Bluff House is a contemporary three level house designed by Auhaus Architecture, for a steeply sloping site backing onto the Barwon Heads golf course, in Victoria, Australia. The house was designed as a series of stepped interior and exterior spaces meandering upward from the street towards seclusion and views at the rear of the block.
The house and landscape are fully integrated, providing a series of fluid living zones and a continuous dialogue between the internal spaces and surrounding environment. The tapered, curved studio space, landscape entry stair and roof planters evoke the local bluff landscape, drawing you up and into the heart of the house.
The first floor living sits level with the native vegetation at the rear of the site. Roof gardens and enclosed decks increase the sense of seclusion and connection to the landscape. The natural material palette of copper, timber and concrete will age and patina over time.
Bold and stylized, the building complements the lines of the sculptural Moonah trees that surround it, while a series of fluid living zones instigates a continuous dialogue between the internal spaces and surrounding environment that has been furthered by deep-set reveals that heighten awareness of the surrounding landscape while screening out the adjoining neighbors.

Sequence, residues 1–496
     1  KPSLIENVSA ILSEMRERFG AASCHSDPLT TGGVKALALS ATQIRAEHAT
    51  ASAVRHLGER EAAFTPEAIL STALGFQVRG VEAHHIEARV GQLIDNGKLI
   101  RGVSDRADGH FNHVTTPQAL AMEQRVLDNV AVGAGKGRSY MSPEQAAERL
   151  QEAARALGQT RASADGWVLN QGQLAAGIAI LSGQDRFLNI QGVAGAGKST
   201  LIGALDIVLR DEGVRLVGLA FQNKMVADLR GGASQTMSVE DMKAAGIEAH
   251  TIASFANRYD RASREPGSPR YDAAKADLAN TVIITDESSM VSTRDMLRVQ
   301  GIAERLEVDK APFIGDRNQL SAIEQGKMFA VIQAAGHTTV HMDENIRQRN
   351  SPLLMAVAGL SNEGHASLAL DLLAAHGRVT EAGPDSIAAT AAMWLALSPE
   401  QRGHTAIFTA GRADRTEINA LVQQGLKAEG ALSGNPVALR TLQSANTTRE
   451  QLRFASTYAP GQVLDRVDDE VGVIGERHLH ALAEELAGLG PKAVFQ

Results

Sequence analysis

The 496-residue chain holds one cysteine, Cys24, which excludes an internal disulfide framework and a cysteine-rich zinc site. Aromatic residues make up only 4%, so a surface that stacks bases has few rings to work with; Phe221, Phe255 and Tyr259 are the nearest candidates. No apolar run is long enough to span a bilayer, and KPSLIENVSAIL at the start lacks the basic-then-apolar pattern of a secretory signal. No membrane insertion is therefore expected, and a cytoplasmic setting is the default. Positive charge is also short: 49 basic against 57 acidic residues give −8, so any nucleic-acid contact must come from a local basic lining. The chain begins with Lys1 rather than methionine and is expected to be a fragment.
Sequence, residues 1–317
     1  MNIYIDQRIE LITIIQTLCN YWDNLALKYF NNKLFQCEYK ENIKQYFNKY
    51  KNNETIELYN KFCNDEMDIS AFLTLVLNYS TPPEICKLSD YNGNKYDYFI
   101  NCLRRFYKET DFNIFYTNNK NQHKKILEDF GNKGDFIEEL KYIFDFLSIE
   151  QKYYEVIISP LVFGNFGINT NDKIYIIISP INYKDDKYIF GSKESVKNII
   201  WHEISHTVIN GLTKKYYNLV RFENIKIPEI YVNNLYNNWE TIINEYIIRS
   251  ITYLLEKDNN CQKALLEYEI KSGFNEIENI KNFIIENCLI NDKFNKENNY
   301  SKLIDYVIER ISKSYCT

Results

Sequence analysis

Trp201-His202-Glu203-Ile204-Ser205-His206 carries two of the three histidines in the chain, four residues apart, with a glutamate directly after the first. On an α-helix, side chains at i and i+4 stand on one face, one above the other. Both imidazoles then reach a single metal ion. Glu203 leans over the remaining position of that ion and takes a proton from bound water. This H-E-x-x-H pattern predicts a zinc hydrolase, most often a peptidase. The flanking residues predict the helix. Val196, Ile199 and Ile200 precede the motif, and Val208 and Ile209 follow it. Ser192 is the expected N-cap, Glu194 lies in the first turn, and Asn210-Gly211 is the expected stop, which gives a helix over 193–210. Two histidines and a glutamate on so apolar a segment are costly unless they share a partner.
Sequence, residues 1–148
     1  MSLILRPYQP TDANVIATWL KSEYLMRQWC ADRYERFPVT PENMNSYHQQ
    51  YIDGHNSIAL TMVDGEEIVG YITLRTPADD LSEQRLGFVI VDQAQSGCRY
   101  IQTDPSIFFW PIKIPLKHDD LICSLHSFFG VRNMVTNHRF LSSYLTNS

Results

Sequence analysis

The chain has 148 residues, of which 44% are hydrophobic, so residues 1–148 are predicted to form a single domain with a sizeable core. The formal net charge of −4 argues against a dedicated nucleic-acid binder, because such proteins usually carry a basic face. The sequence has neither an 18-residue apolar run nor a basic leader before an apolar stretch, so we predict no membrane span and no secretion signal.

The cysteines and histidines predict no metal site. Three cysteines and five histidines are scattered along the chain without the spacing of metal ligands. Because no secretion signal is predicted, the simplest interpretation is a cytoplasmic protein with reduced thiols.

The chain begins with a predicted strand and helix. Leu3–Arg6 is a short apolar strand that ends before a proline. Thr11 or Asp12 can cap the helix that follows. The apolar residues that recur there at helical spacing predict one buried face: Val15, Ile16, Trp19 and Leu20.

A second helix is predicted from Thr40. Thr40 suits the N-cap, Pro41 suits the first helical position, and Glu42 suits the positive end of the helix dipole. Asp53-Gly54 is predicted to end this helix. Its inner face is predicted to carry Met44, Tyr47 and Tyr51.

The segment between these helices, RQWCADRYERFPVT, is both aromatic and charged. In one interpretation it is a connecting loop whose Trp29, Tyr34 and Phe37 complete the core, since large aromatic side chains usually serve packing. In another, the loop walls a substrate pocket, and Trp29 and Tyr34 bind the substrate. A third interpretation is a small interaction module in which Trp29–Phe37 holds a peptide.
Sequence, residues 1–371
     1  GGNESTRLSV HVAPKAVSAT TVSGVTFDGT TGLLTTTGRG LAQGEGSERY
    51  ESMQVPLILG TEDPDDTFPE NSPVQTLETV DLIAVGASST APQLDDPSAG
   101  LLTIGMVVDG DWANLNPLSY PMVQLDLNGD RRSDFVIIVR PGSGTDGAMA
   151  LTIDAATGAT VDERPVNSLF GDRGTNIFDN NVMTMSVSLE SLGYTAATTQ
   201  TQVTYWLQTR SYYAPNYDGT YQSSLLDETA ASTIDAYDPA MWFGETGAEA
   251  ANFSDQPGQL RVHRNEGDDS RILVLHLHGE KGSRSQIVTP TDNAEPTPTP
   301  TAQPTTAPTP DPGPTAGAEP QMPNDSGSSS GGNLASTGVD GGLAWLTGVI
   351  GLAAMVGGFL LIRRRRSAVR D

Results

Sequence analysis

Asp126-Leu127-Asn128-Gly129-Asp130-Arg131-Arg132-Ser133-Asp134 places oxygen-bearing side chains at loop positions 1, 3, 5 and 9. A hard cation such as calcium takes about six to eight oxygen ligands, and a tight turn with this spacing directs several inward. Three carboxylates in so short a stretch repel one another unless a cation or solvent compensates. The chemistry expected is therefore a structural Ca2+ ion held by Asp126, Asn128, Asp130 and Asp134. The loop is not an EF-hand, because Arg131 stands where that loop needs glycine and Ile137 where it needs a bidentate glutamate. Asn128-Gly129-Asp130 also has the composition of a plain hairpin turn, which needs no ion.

Coronet Grove Residence is two story contemporary home that has been designed by Maddison Architects, built on one of the most elevated seaside locations in Beaumaris, a suburb in Melbourne, Victoria, Australia. The orientation and associated views played a major part in the design response, having 270-degree views of port Philip Bay. These conditions presented a major dichotomy however as the view is to the south. The imperative to therefore place living spaces on the south to capture the view is counter to all ESD (Environmentally Sustainable Design) principles.
A strategy was developed to split the building into two elements, a south facing cantilevered zinc clad living element and a two-story north facing masonry bedroom element. These two elements are pulled apart with a circulation zone and the roof is prised up over between these areas allowing north sun to penetrate into the living zones. The building elements are further pulled apart internally with first floor bridges spanning between them.